This data is extremely important to our PI (principal investigator), Dr. Daniela Maldini. It is through this data that she can see consistent patterns in behavior, habitat, feeding, social patterns of interaction and the daily movements of the marine mammals.

The data gives necessary information to better understand these animals.

Today, I selected a specific sea otter for the focal study, to observe for several hours around sunset. We will call her Ophelia.

I observed her interaction/socialization with other sea otters, times of travel, her grooming, foraging/feeding and resting.

She played with other otters for nearly one hour and groomed her grizzled fur off and on throughout the observation.

At one point, I could see that Ophelia became very tired and began to drift away from the otter raft (composed of a close-knit group of otters).

She went into a rest position, floating over to a small shore, close to the mouth of Elkhorn Slough. She beached herself and wiggled onto shore, resting for more than a half-hour before returning to the otter raft in the early evening.

At this point, I had to end the data collection for another day, returning to our computer to enter the information into the Excel program. This is a long-term study and will take several years to better understand the sea otter dynamics at Elkhorn Slough and Monterey Bay.

Day 8, Bottlenose Dolphin Sightings: It was more than a perfect day, not a cloud in the sky, warm and sunny, and no swells. It was as though the dolphins were waiting for us, because our sightings began within minutes of leaving the harbor.

Sean Van Sommeran, our fearless captain, gave his little superstitious tap on the boat’s outdrive, which can be detected by the dolphins through the reverberation in water.

We spent the remainder of our day surrounded by the pod of bottlenose dolphins. We had more than 40 dolphin sightings today, including several mothers and their calves.

I had never seen dolphins breach so high, wave after wave, nor ride alongside a boat as well as bow riding.

Sean said they were actually watching us and that their hearing is so acute that most likely they recognize the familiar sound of our motor.

We just kept heading south. I could no longer tell whether they were keeping up with us or we were keeping up with them.

Anna Janovicz, our Earthwatch team leader, was taking a photo ID of as many dorsal fins as possible and broke her record this year with 483 pictures.

Sean and Anna were so familiar with this pod that they had given them names from previous encounters and recognized their dorsal fins.

This was definitely part of the Monterey Bay bottlenose resident population, as opposed to a transient unit of dolphins that are only present temporarily.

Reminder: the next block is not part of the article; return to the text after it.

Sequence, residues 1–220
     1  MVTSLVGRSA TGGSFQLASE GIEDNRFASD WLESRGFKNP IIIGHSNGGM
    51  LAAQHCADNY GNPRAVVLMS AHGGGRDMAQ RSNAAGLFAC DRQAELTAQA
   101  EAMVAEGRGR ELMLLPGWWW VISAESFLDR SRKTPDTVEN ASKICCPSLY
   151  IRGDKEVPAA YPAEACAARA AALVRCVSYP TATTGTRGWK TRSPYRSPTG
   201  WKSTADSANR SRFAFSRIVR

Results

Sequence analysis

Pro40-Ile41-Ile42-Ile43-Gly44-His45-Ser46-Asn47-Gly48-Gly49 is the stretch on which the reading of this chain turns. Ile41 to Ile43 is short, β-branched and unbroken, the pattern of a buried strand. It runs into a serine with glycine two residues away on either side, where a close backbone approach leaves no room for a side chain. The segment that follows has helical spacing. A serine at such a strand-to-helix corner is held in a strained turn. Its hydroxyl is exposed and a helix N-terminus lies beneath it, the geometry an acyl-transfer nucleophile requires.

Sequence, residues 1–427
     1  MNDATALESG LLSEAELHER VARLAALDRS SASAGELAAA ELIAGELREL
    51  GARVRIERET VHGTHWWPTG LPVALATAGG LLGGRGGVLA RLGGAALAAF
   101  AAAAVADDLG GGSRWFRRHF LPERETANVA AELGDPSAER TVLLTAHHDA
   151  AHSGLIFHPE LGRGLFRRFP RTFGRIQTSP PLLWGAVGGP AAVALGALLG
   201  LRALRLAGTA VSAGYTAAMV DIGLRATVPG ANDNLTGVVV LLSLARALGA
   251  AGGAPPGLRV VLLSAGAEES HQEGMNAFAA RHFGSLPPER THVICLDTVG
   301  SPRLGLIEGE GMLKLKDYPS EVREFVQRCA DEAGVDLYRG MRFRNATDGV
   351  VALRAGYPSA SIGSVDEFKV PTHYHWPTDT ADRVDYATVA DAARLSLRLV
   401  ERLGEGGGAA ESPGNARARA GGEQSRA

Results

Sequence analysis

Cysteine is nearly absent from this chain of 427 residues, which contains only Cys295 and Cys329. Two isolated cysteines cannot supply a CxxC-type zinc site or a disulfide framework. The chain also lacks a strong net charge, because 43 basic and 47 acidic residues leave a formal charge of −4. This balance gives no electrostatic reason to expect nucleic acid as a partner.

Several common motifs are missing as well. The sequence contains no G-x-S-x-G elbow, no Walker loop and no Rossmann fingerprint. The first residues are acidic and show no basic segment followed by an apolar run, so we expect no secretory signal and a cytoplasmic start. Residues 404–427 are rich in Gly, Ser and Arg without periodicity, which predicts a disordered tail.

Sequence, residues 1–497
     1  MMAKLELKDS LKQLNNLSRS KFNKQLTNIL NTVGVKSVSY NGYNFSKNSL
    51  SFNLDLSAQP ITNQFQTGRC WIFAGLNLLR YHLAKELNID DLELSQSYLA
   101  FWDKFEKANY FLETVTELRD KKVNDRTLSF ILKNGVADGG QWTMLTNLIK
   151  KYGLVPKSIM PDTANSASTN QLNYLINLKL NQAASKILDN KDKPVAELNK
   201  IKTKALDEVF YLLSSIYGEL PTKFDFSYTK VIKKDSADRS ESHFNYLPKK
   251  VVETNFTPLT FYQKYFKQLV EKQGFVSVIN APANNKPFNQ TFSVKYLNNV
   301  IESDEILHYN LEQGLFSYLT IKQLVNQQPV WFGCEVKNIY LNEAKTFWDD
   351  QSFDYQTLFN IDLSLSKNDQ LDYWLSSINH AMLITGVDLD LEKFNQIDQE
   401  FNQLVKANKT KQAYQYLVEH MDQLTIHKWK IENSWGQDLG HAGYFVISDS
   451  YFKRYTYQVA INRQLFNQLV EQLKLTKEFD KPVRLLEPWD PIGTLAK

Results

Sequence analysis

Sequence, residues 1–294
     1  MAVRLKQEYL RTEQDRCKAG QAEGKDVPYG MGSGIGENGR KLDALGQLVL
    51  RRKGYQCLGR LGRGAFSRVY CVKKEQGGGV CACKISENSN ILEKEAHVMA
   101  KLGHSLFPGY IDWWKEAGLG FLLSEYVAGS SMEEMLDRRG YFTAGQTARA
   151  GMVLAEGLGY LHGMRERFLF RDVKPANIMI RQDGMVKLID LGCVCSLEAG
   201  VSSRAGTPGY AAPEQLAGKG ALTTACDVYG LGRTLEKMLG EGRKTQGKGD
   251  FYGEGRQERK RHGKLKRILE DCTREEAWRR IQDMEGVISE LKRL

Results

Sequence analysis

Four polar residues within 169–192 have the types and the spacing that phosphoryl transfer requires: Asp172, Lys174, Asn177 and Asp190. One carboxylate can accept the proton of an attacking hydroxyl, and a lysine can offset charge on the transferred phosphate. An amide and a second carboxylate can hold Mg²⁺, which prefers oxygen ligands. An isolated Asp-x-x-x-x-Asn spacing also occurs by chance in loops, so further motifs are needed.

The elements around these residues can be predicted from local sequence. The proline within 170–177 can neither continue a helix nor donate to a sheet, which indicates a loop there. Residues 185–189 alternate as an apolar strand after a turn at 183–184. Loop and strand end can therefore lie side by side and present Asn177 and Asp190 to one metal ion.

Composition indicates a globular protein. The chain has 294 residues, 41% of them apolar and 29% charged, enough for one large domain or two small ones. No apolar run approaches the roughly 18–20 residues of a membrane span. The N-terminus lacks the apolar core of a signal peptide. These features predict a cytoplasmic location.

Our principal investigator is exploring the long-term fidelity to a particular area for long periods and maintenance of their school structure through time.

She is aware of particular “social units” that move back and forth along the coast. Today, we observed the high cohesion amongst the females, “mothers” with their calves, which was most exciting.

We were treated this evening to Sean Van Sommeran’s special presentation and research on sharks in Elkhorn Slough, Monterey Bay, A“o Nuevo and in Guadelupe Island, Mexico.

Sean is the founder of the Pelagic Shark Research Foundation and will be the primary investigator of the Monterey marine mammal expedition next year with Earthwatch.

I could not believe that there are more than 400 species of sharks, and only a few are really a potential threat to people and these would need to be provoked to be harmful.

Day 9, Live from the Field: It is the intention of my involvement in the Earthwatch expedition to be able to provide my students the opportunity to learn firsthand with me as I experience the field study project with Monterey marine mammals.

We have arranged conferences using our computer “eye cams,” microphone and audio. When the technology and Internet are cooperative, it has been an exciting and engaging interaction.

Upon my return to school, I hope to be able to further our project with conservation projects and stewardship in our community.

I will create new lesson plans and curriculum for further study of marine mammals.

Sadly, today was our last field study with the sea otters.

We observed their raft behaviors when they are together, their social interaction, play, rest, grooming, travel and foraging.

We updated our observations every five minutes with these behavioral changes. We also noted their movements of exiting and entering the channel.

In order to cover all times of day with our observations, we arrived at sunrise. Two days ago, we observed through sunset, when we could no longer see them.

Following our observations, we did a beach cleanup and I stumbled upon a common murre, a seabird that often spends most of its time at sea.

The murre is a northern counterpart of the penguin, in the auk family. He was unable to fly or move, but quite alive and breathing.

I recognized his condition similar to what I saw in brown pelicans with domoic acid poisoning, which temporarily paralyzes their movement and ability to fly.

The birds can literally drop from the sky. We called the Department of Fish and Game dispatch, which is open 24 hours a day, and the SPCA (Society for the Prevention of Cruelty to Animals) came two hours later to pick him up from us. Hopefully, he can be treated in time if his condition is a result of domoic acid.

Day 10, The Departure: Our morning was filled with team good-byes and the realization that we are all returning to different corners of our planet and most likely our physical paths would not cross again.

Our team consisted of folks from Brazil, the Philippines, Japan, Mexico and the United Kingdom. We were harmonious, tight-knit and shared a great passion for the Monterey marine mammal study.

We shared our many digital photographs in our last moments together on a CD that Anna burned for each of us. Anna also prepared delectable cinnamon apple pancakes along with our bacon specialist, Peter.

One by one we each began our departure. I had rented a vehicle, coming north to Monterey and now returning south on Highway 1, California’s coastal route of immeasurable beauty.

Driving home gave me time to contemplate this year’s curriculum and lessons in marine sciences, our conservation projects and outreach stewardship activities.

I am also most grateful to Earthwatch for this opportunity and to be an educator fellow.